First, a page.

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'Standing on Ceremony' -- but not here

Get-involvedIn one of those what-the-heck moments (I have those sometimes when I check my email), I note that Monday is the first Off-Broadway preview of Standing on Ceremony: The Gay Marriage Plays.  Eight short plays on the subject of marriage equality make up the evening.  Those plays are Jordan Harrison's The Revision, Joe Keenan's This Marriage Is Saved, Wendy MacLeod's This Flight Tonight, Doug Wright's On Facebook, Neil LaBute's Strange Fruit, Paul Rudnick's The Gay Agenda, Moisés Kaufman's London Mosquitoes and José Rivera's Pablo and Andrew at the Altar of Words.  The cast, a terrific one, includes Craig Bierko, Mark Consuelos, Polly Draper, Harriet Harris, Beth Leavel and Richard Thomas.

I'm not planning a trip to New York soon, but I wish I could be there Monday, when a special 8 p.m. performance at the Minetta Lane Theatre will be at the heart of a national event.  Evan Wolfson, the founder and president of Freedom to Marry, will speak before the show.  Playwrights Rivera, Rudnick, Wright and Kaufman will participate in a post-performance Q&A moderated by New York Times writer Patrick Healy.

Here's what is making Monday really special, though. At more than 40 professional and college theaters throughout the United States, actors and others will read the Standing on Ceremony script, bringing the art and the message to their local communities.  The New York introduction and post-show discussion will be live streamed, and theatergoers can ask the playwright panel questions via Twitter at #asksoc.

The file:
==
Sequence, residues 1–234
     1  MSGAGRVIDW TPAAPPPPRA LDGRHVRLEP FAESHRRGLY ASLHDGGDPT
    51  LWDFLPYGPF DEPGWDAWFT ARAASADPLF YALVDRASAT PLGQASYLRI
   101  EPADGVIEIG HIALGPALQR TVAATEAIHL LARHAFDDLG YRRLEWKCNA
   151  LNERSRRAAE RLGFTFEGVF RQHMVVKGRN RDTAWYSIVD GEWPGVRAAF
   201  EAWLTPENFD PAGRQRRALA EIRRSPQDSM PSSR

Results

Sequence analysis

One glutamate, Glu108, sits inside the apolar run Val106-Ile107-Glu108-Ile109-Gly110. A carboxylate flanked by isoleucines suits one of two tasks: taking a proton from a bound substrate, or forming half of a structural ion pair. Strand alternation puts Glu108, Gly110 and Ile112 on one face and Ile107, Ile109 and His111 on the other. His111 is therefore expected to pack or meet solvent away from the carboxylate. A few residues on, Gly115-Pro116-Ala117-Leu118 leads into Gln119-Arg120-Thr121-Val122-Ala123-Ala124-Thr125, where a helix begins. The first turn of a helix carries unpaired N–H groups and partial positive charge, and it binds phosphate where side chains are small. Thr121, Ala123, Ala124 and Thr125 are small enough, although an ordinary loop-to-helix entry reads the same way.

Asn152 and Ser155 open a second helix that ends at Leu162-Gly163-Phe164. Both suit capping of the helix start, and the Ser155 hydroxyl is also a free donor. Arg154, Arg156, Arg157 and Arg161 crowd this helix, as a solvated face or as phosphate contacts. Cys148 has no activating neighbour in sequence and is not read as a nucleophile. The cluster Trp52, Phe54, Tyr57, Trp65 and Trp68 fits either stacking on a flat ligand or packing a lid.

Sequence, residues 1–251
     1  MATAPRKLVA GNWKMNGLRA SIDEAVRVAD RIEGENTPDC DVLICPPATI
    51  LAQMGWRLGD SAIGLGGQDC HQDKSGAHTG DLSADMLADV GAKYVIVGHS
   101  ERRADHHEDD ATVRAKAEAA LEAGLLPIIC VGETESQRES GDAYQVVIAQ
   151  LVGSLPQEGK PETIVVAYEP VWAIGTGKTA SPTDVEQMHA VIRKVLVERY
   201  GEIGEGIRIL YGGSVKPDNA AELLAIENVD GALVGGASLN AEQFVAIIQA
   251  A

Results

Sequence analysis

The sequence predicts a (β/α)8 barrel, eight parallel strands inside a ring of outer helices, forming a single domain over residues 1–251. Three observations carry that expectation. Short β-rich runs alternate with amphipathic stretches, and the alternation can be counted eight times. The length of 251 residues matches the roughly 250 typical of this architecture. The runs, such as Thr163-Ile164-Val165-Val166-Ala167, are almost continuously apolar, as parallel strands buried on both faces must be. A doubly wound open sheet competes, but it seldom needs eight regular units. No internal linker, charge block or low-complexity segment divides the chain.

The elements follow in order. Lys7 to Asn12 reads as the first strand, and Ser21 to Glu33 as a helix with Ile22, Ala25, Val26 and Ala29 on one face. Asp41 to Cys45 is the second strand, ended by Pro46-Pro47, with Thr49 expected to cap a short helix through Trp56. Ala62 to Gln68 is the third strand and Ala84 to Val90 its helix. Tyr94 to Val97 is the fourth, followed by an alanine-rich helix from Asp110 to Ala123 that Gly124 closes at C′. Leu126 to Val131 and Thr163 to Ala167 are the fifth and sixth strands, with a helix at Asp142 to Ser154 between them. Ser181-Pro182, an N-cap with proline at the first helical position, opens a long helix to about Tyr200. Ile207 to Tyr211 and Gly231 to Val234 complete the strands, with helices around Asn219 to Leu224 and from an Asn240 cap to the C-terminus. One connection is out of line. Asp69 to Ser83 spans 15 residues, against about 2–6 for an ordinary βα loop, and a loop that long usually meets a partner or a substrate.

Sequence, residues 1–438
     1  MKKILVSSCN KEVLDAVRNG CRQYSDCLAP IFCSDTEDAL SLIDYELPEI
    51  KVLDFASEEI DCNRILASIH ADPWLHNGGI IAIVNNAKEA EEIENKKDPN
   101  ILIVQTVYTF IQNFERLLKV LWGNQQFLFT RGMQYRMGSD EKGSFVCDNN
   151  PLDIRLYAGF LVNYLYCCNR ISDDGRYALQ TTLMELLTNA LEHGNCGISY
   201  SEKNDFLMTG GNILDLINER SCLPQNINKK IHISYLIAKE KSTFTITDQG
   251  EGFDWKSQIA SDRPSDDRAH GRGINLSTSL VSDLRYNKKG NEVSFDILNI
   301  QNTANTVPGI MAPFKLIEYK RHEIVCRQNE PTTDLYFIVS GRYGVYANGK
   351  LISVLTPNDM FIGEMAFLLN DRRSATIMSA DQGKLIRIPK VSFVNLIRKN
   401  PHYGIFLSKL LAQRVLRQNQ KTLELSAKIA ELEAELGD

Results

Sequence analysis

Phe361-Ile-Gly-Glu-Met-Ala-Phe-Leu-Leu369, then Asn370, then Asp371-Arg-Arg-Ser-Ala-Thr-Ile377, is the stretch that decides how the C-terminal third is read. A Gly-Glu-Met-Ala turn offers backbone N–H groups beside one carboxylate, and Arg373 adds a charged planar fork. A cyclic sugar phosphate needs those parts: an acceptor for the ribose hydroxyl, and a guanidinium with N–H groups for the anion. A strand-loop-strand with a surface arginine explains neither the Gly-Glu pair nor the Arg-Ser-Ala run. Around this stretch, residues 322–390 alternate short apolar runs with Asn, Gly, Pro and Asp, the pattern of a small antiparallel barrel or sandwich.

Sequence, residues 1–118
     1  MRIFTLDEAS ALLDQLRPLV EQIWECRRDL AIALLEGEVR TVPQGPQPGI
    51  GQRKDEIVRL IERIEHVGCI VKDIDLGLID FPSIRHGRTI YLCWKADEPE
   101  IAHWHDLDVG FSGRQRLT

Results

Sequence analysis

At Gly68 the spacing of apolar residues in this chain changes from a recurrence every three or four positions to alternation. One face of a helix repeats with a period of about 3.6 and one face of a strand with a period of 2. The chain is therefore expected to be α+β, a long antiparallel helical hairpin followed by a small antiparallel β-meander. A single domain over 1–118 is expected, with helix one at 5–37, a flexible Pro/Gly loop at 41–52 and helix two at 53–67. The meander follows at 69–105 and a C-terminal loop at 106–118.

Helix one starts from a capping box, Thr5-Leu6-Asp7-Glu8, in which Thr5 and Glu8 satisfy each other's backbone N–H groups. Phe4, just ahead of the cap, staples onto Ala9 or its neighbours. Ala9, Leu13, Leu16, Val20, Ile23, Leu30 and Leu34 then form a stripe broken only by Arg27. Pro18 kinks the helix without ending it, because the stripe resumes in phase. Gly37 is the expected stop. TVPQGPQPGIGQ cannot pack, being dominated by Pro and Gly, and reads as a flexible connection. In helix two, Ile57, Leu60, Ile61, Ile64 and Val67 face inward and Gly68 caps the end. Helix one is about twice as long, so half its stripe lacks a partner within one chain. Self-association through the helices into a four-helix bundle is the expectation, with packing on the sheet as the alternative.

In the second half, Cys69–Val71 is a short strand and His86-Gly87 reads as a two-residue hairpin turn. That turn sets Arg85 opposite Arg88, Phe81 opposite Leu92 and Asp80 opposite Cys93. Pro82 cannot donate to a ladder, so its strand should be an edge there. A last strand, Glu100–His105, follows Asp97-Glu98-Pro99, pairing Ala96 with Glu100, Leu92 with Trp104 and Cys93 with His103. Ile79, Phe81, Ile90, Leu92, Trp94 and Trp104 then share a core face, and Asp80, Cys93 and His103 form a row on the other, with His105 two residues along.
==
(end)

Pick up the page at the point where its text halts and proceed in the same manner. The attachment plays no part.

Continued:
In Florida, just two theaters are participating: Mad Cow in Orlando and American Stage in St. Petersburg.  Which leads back to my what-the-heck moment. 

I know many gay and lesbian couples who would marry, if only it were legal in their state -- Florida included.  I know many happy, long-time gay and lesbian couples who work in theater in South Florida, artists who are unhappy that the right to marry is denied them.  And yet this event, which could shine a bright spotlight on the issue, isn't happening here. 

The hectic start to South Florida's theater season is under way, so maybe the theaters or artists who would have participated just felt too swamped.  I don't mean gay theaters specifically, or gay and lesbian artists specifically.  This is art tackling an issue that should matter to everyone who cares about equality. 

Find out more about the play (which opens Nov. 13) and the national event here.  What a shame that we can't gather here to share this experience.

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